In this episode, I’ll discuss the management of suspected propofol dependence with phenobarbital in an adult patient with COVID-19.
There is limited published information on propofol withdrawal syndrome. Authors recently published a case report of their experience treating a patient with suspected propofol dependence with phenobarbital in the American Journal of Health-System Pharmacy.
The patient in the case was a 64-year-old male who required ICU admission and mechanical ventilation with sedation for the management of acute respiratory distress syndrome due to COVID-19 pneumonia.
To tolerate the ventilator, the patient required high and prolonged doses of fentanyl and propofol with additional periods of also requiring midazolam and dexmedetomidine.
In total the patient was on propofol for 17 days, fentanyl for 19 days, midazolam for 12 days, and dexmedetomidine for 15 days.
When lung function improved the team started to wean the patient from propofol sedation to perform breathing trials however every attempt at this failed due to symptoms such as tachypnea, tachycardia, and hypertension. These symptoms resolved when the previous dose of propofol was resumed which led the clinicians to believe the patient was experiencing a withdrawal syndrome from propofol.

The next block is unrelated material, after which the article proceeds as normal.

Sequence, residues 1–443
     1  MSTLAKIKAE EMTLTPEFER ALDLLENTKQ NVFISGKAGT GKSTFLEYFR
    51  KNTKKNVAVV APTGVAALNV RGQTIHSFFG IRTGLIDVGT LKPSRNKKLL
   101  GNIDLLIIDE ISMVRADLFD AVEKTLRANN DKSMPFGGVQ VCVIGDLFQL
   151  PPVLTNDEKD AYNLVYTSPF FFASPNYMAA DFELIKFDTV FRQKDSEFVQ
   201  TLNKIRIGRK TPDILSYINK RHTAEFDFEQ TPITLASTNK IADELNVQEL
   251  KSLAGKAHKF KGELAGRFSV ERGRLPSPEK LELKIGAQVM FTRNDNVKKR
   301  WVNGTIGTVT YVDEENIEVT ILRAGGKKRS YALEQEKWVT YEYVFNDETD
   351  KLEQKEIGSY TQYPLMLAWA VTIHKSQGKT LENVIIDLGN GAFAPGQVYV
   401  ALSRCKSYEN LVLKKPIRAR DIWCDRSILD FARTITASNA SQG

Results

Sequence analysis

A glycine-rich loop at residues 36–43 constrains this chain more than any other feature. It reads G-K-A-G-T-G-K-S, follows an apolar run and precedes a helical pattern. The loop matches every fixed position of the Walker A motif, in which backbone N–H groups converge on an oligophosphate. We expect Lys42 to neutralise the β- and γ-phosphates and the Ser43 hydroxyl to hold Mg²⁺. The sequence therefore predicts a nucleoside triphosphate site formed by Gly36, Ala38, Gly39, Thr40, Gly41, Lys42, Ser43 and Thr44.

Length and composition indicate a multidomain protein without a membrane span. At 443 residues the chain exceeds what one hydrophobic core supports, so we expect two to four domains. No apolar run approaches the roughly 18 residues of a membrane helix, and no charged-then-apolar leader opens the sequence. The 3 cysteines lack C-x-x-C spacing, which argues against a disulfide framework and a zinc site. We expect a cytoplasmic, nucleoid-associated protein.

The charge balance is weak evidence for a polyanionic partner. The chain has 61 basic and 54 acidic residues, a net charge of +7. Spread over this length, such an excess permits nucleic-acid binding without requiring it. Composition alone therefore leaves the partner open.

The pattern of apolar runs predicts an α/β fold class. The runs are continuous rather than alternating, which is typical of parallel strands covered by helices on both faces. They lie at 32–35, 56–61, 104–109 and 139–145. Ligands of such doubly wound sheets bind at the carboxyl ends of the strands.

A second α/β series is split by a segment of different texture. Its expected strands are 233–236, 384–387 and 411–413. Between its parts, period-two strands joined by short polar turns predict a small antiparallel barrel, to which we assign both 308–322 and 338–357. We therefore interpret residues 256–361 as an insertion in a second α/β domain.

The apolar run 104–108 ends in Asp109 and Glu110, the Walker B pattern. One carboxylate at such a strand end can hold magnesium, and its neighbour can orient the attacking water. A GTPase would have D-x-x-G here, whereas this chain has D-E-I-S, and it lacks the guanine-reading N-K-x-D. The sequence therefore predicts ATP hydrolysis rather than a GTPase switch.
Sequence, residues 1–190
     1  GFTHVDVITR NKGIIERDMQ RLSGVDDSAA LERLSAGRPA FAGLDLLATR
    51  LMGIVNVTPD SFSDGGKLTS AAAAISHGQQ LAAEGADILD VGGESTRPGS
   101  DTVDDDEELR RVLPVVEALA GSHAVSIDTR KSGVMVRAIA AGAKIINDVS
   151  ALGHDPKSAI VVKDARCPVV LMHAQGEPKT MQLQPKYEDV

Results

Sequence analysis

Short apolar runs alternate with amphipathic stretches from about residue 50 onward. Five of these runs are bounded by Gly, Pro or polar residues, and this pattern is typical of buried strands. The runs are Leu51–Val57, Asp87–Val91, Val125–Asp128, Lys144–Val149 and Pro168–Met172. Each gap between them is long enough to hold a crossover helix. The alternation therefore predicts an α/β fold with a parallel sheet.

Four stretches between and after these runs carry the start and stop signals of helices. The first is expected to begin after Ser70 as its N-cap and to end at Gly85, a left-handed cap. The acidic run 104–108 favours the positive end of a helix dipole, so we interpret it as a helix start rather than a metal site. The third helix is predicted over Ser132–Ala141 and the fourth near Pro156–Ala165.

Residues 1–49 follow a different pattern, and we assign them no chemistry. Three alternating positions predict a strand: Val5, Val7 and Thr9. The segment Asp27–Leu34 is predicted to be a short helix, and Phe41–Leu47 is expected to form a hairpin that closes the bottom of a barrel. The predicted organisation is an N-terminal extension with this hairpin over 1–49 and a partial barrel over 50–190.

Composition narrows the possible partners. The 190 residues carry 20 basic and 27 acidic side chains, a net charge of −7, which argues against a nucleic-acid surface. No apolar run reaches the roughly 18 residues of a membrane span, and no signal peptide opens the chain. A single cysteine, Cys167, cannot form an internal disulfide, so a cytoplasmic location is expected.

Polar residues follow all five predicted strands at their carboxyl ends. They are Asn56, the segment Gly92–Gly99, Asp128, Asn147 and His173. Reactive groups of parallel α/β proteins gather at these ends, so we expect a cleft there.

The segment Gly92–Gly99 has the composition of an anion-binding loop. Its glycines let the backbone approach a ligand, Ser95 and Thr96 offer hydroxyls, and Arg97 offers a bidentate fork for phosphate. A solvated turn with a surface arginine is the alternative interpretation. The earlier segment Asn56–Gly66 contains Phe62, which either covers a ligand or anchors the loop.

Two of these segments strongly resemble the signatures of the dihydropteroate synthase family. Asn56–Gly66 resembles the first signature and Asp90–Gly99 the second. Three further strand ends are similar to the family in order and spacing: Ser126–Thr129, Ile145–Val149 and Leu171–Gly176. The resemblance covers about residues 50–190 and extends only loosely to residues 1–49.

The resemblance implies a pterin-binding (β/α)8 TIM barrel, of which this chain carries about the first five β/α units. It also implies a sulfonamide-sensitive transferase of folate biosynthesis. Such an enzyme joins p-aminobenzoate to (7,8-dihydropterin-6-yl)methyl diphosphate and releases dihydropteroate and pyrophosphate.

To treat this syndrome the authors chose phenobarbital in hopes it would alleviate the withdrawal symptoms and allow the patient to be weaned from the ventilator. The authors described the response to phenobarbital as follows:
Phenobarbital was trialed for possible propofol withdrawal syndrome, allowing for a dose reduction of 10 μg/kg/min within 2 hours of the first dose without any corresponding symptoms. The patient continued to receive intermittent doses of phenobarbital for another 36 hours until propofol was discontinued. He underwent tracheostomy shortly after weaning off all sedation and was discharged to rehab 34 days after his initial admission.
Previous reports of propofol withdrawal syndrome did not have a positive outcome or involve the use of phenobarbital so until better evidence is available, clinicians who encounter a patient with this rare syndrome may consider using phenobarbital based on this case report.
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